The "Outside Men" at CPW Hercules
Notes on Chinese Workers
by Jennifer Posedel
Chinese laborers formed the core of the workforce in the plant’s early years (86% in 1883). They were hired through employment brokers named Hong Quong and Wong Po, referred to as Chinese bosses. There are no official company records of their employment, but news accounts say that as many as 375 worked at Hercules at any one time.
The Chinese workers performed the dangerous work on the nitroglycerine line, and many died in the frequent explosions of the 1880s and 1890s. The San Francisco Call reported that 60 died in the first 14 years of plant operation, although the number could never be verified because of the lack of records. The worst explosion occurred in 1883 when the New York Times reported that 40 Chinese and their white overseer were “blown to atoms.”
The 1900 U.S. Census lists 149 Chinese laborers at the plant, 74 of whom were married. All had been in the United States for an average of more than 20 years. (Previous experience probably included mining and railroad construction, but I do not have specific references to that.) Thirteen were born in California; 14 spoke English; and two worked as cooks at the camp. At that time, Henry McCullough was the Caucasian foreman of the outside men at the powder works. The Chinese men paid the boss for room and board at two rustic buildings located at a waterfront camp. There was also a large population working at the Giant plant at Pt. Pinole, as well as a shrimp camp there which in 1896 was said to supply three-fourths of the shrimp consumed in San Francisco. In the early 1900s, the powder company at Hercules rented its tidelands to a clam digger named Sing who lived in a shack at the foot of Tennant Avenue. Plant supervisor McBryde defended Sing’s exclusive right to the area and had any poachers arrested.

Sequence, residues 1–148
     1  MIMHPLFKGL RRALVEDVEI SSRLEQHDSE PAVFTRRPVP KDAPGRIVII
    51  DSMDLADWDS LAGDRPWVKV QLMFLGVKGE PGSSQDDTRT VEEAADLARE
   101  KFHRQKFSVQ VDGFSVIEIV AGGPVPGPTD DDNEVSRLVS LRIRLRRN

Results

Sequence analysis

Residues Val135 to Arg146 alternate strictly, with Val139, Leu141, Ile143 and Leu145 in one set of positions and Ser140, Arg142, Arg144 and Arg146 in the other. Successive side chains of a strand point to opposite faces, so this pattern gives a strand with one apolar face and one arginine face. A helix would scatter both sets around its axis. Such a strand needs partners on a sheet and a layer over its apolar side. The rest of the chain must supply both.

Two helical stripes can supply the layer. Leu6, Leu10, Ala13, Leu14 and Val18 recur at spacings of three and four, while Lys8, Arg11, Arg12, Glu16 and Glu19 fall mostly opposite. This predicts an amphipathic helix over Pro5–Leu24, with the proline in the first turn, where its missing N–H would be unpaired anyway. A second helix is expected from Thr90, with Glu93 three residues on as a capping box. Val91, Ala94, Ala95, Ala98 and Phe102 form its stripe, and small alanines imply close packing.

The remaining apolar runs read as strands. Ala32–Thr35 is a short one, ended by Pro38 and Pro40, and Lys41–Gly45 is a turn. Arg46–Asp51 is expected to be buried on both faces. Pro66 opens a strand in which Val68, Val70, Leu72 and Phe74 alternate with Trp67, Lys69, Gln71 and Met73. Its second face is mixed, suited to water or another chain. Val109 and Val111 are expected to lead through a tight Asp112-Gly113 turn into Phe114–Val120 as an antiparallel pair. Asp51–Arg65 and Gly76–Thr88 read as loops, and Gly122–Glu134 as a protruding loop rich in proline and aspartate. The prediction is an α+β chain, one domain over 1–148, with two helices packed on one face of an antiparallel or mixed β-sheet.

In 1910, among the 27 Chinese then living at the “Wing Tong camp,” several were employed in the company boarding house as waiter, laundry man, kitchen helper, and cook. Two worked as cooks in the clubhouse and one cooked for a private family. At that time, they lived in the Wing Tong camp according to the U.S. Census. The Chinese camp existed through the Dupont era, but in 1914 the workers departed and the boarding house and kitchen were demolished.